Local expertise is critical
But for businesses that want to relocate to Ireland, there are numerous factors that need to be given careful consideration.
Firstly, local expertise can be crucial and consulting with local accountants and legal professionals about a move from the UK to Ireland makes sense for business owners. While the UK and Ireland may be close geographical neighbours, the legal and financial regimes have significant differences. These regulatory differences must be known of and accounted for, or it could lead to legal trouble down the line if rules are breached.
Company owners should discuss their business and aims for it in Ireland with local lawyers and accountants at an early stage; the professionals can give advice on the best way to proceed and give the legal and financial information needed for the business to stay compliant and avoid any time-consuming pitfalls.
For instance, local accountants can advise on matters that include the most appropriate trading structures for the Irish business, such as whether it should be a private limited company or otherwise. They can give guidance on the likely tax liabilities of such structures and advise on the difference between accounting requirements and relevant withholding tax requirements. They can also tap into their existing professional networks to help identify business opportunities for investors.
Getting in touch with the Department of International Trade is also recommended for businesses that are moving to Ireland, especially if they want to keep trading with clients back in the home country.
Likewise, business owners should contact the Department of Foreign Affairs and Trade, which can give advice on the potential ramifications of Brexit and what may have to be done to set up an Irish operation.
Think carefully about relocating
Relocating to any country is complicated, and Ireland is no exception. For instance, managers have to think about acquiring an office or factory space and setting up the utilities for them, as well as shipping equipment out to the new premises and potentially relocating existing employees. However, there are local international relocation experts available who can manage a move on behalf of a business, helping the move to be as smooth as possible and letting the owners get on with running the business.
One of the most important steps in relocating to Ireland is establishing the company as an official business in Ireland by registering it with the Companies Registration Office. After the registration has been improved, businesses can enjoy all the benefits of trading in Ireland, including the aforementioned tax breaks and free trade access.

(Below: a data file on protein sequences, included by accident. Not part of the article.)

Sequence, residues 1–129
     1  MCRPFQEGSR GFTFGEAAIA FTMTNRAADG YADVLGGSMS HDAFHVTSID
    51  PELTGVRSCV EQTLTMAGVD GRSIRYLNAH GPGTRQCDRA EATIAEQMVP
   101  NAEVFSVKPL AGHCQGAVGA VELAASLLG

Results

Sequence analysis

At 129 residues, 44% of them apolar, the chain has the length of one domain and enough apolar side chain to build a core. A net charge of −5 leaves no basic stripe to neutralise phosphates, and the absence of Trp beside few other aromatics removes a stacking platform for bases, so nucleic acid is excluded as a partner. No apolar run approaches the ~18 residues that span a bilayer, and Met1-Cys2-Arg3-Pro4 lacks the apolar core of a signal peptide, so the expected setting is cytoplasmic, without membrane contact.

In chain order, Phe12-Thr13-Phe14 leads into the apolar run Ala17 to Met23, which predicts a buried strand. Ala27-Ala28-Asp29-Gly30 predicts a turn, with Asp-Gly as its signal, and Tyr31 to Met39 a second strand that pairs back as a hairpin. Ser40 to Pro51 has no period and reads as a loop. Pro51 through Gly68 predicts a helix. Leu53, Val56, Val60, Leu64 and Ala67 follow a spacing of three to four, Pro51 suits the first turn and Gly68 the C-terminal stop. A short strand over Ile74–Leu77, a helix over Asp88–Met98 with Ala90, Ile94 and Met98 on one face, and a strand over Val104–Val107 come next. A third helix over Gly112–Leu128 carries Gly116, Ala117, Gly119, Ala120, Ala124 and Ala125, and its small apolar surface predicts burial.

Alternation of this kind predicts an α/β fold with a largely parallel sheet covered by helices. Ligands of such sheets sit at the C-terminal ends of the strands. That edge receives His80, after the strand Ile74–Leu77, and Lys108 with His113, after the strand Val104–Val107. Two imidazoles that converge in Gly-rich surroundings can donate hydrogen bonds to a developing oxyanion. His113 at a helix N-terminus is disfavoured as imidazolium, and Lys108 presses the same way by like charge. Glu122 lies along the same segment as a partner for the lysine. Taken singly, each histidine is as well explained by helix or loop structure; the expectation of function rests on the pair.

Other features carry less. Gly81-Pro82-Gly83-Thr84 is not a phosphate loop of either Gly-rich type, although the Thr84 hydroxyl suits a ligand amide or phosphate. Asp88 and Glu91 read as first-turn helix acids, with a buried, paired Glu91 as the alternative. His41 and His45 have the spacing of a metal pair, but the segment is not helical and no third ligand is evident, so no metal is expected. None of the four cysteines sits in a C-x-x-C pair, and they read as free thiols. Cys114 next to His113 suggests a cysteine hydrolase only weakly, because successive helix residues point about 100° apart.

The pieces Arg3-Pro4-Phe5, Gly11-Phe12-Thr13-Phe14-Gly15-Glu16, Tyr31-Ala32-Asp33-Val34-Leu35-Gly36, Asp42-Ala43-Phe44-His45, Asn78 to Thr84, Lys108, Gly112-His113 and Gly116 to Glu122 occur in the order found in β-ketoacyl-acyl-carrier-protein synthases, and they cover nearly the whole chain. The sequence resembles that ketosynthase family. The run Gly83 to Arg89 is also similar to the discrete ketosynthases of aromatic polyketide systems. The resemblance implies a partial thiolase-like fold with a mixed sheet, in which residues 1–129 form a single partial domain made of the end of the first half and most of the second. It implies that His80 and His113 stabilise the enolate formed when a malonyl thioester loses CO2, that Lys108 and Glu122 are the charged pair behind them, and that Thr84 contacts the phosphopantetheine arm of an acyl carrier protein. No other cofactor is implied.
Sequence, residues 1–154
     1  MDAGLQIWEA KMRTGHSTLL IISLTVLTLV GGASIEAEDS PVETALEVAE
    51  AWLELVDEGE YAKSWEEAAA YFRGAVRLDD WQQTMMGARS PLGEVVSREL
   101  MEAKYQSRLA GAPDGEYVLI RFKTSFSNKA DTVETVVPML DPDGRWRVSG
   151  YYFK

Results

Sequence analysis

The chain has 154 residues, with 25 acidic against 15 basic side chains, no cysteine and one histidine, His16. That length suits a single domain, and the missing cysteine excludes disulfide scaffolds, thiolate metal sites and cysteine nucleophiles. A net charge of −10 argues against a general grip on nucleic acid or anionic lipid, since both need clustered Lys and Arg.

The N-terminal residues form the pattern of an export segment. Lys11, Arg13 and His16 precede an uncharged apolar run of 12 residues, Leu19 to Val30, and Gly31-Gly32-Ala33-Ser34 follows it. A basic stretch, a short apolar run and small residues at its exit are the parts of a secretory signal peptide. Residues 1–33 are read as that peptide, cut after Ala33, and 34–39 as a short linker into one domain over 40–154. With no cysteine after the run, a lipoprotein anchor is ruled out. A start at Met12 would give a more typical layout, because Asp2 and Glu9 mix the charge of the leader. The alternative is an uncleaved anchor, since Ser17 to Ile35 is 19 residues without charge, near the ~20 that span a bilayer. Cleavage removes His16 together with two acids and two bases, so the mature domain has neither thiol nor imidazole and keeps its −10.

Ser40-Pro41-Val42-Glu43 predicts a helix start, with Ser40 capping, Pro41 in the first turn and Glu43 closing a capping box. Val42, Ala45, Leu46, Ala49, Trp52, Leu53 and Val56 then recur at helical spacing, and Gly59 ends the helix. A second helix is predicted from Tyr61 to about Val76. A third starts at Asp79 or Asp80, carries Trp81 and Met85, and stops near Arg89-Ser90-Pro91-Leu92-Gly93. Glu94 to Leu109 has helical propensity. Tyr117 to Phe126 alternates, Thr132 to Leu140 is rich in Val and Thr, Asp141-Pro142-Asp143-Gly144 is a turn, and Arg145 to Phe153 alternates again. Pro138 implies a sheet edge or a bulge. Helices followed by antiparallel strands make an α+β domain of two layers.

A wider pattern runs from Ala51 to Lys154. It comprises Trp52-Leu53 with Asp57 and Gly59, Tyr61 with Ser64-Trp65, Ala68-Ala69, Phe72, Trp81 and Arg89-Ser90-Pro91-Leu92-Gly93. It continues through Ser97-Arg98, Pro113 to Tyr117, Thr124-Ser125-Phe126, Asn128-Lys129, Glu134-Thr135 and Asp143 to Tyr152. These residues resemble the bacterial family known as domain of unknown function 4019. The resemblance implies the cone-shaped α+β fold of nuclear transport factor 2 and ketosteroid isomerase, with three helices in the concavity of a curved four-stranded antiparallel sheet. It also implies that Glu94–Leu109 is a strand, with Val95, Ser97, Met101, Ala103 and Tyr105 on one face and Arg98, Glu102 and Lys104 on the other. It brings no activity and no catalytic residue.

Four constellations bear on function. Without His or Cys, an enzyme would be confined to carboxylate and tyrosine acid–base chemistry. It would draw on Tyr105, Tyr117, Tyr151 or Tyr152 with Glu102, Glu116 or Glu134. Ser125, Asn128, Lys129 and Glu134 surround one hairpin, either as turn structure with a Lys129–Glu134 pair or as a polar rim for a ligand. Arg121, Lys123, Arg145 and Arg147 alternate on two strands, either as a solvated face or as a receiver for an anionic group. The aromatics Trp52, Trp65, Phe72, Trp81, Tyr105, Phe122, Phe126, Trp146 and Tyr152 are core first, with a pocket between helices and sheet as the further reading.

Nevertheless, business owners should not be tempted to run an Irish operation as a subsidiary to a UK business, for example, as they would pay tax in Ireland but also be eligible to pay Corporation Tax in the UK as well. For many UK companies, it may makefar more sense for the UK company to be dissolved and a new one is started in its place. Each jurisdiction is different, so it’s well worth checking all these potential grey areas before making the final decision.
EU and Brexit
Regarding that thorny question of Brexit, Ireland’s professional services are geared up to advise on the implications of Brexit – and what that means for UK. For the moment, access to EU markets is attracting many UK businesses to Ireland, and this will probably continue for some time to come. With the UK having left the 27-country strong trading bloc – the transition period ends on December 31 this year – it means Ireland is the only native English-speaking nation in the EU. For many companies, the ability to speak in English is a big plus, especially for North American, Australian and East Asia firms.
Whatever the outcomes of the trade deal between the UK and EU, Ireland will be a more attractive proposition for UK, US and global businesses going forward. For example, if there’s no free trade agreement, the UK will be subject to trade tariffs and barriers on certain products while Ireland will remain part of the EU free trade area. For SMEs, having a base in Ireland will be hugely beneficial for tariff-free and frictionless trade.
Furthermore, an Irish HQ will mean that any companies moving to Ireland will still be close to the UK.
Again, it’s worth noting that for a business to take advantage of these opportunities and mitigate any effects of Brexit, take expert legal and financial advice from the experts on the ground in Ireland. This is absolutely critical.
With such conditions in Ireland’s favour, the reasons to set up operations in the country are compelling and are set to remain so for many years to come.
For more information about the challenges and opportunities when running a business or expanding to Ireland please get in touch with Malone & Co via our website – https://www.maloneaccountants.ie/contact-us/